Making the Most of Writers' Conferences

Writers’ Conferences Are More
Than Giant Writing Classes


By Carolyn Howard-Johnson

A partial excerpt from the new edition of The Frugal Book Promoter


Make the most of a conference by planning in advance. You want to treat a conference like a garden and bring home all the ripe stuff that suits your palate. That means you have to organize. This section will help you do that. Without it you won’t be able to glean the most from whatever conference you choose.

Your notebook—either the old-fashioned paper kind or the one you set up on your laptop— is key to getting the most from a conference:

  • Bring a seven-subject notebook. Divide the notebook into sections that match your goals. These might include: Agents, Publishers, Promotion, Writing, and Other Contacts. Leave one section open for a category that crops up after you arrive.
  • On each separator page tape a number ten envelope in which you slip business cards, bookmarks, mini notes to yourself, and small brochures. When you arrive home, part of your filing and sorting will be done.
  • Take blank mailing labels to make index tabs that stick out from the edge of your notebook.
  •  On the first night of the conference, clip and paste separate parts of the conference handouts into corresponding segments of your notebook.
  • At the back of your conference notebook make a directory section. Use the label index markers to delineate each one.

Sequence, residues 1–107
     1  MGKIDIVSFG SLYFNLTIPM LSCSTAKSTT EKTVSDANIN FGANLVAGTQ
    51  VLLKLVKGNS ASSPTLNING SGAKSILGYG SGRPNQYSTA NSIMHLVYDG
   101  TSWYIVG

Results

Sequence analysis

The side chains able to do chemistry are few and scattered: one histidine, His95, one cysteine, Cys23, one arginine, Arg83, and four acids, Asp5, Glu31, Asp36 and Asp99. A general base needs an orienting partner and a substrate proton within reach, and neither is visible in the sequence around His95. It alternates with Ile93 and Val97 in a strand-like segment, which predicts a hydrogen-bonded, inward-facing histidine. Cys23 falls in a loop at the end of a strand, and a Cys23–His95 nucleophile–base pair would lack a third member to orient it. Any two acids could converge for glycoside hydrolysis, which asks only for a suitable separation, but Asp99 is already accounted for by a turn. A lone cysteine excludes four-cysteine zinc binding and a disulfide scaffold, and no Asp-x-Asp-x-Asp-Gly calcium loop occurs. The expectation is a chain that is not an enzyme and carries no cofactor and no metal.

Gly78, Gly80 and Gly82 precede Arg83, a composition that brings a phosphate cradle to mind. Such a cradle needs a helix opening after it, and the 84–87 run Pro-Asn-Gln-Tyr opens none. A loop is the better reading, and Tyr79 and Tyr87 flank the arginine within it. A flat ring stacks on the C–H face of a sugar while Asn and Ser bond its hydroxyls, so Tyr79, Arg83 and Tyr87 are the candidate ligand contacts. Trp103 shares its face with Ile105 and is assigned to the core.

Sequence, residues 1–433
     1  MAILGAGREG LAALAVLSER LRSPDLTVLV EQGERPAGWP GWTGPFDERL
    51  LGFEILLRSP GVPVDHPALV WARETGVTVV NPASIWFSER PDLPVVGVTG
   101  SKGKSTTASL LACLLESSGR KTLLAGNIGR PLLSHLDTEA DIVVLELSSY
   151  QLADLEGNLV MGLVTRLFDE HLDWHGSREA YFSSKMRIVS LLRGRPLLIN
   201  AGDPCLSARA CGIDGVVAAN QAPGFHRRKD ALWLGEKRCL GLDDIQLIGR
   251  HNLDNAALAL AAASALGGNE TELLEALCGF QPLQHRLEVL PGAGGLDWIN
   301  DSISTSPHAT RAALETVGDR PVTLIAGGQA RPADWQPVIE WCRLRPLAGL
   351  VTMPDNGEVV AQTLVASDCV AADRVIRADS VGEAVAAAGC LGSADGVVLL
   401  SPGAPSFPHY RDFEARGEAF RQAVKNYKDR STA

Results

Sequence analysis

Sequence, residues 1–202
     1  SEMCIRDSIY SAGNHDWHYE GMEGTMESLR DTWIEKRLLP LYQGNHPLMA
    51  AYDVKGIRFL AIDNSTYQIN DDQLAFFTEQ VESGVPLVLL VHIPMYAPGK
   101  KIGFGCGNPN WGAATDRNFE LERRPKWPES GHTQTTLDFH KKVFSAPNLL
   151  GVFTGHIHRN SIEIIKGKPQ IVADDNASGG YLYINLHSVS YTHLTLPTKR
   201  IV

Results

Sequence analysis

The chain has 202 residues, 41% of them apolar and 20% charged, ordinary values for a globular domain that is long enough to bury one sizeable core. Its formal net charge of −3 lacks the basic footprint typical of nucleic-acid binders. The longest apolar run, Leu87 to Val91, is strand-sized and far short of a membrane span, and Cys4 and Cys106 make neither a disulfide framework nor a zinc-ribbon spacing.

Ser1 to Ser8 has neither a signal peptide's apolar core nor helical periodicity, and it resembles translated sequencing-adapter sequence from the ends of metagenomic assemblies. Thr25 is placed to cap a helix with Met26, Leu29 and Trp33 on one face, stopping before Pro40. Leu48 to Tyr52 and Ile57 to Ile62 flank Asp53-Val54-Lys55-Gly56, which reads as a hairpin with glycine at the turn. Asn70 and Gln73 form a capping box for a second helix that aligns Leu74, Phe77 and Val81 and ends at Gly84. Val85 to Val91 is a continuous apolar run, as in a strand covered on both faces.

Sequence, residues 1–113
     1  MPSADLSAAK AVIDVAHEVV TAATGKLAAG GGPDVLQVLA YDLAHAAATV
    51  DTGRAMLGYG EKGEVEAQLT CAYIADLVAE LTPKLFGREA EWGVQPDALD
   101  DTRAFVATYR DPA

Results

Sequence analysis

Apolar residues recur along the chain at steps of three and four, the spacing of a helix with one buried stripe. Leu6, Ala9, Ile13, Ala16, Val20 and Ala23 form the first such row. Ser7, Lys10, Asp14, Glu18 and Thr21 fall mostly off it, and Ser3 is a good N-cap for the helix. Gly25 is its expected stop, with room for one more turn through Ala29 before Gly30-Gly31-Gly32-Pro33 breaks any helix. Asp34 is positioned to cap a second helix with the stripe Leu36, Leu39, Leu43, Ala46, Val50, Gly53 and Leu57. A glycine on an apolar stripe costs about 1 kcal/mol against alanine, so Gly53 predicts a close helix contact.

o   The first page is a name and address list for publishers. They should be listed in conference handouts but you may glean more from seminars. Star the ones you spoke to. Make notes. What have they published that is similar to your book? Jot down anything that will help them remember you when you write to them and mention your encounter. Query letters work best when you indicate you are familiar with the person or company being queried.


Big Hint: When you talk to publishers always ask them what they do to promote their authors’ books. Pin them down to specifics.


o   The second directory page is for fellow authors. Jot notes on them, too. It’s no fun to arrive home with a useless business card.

o   Ditto for agents and for conference planners. You may be surprised at how often you’ll refer to this page.

o   A page for “Other Resources” includes information on anything from other conferences to books you’d like to read.

o   Designate a few pages for writing ideas.

o   The final pages are for new promotion ideas.


Hint: Bring a small pouch of tools—I use one I received with an Estée Lauder gift-with-purchase. Toss into it color-coded pens, snub-nosed scissors (sharp ones may not get you through airport security), a small roll of cellophane tape, your index labels, paperclips, strong see-through packing tape, hammer, tacks, razor, ChapStick, hole puncher, breath mints, elastic bands, Band-Aids, and your personal medication. Don’t unpack this when you get home. You’ll need it in the future for other conferences, book signings, book fairs, and other promotional events.


You can use a conference to promote, too.

  • Some conferences offer tables where participants can leave promotional handouts for their books or services. Before you leave home, ask your conference coordinator how you might utilize this opportunity.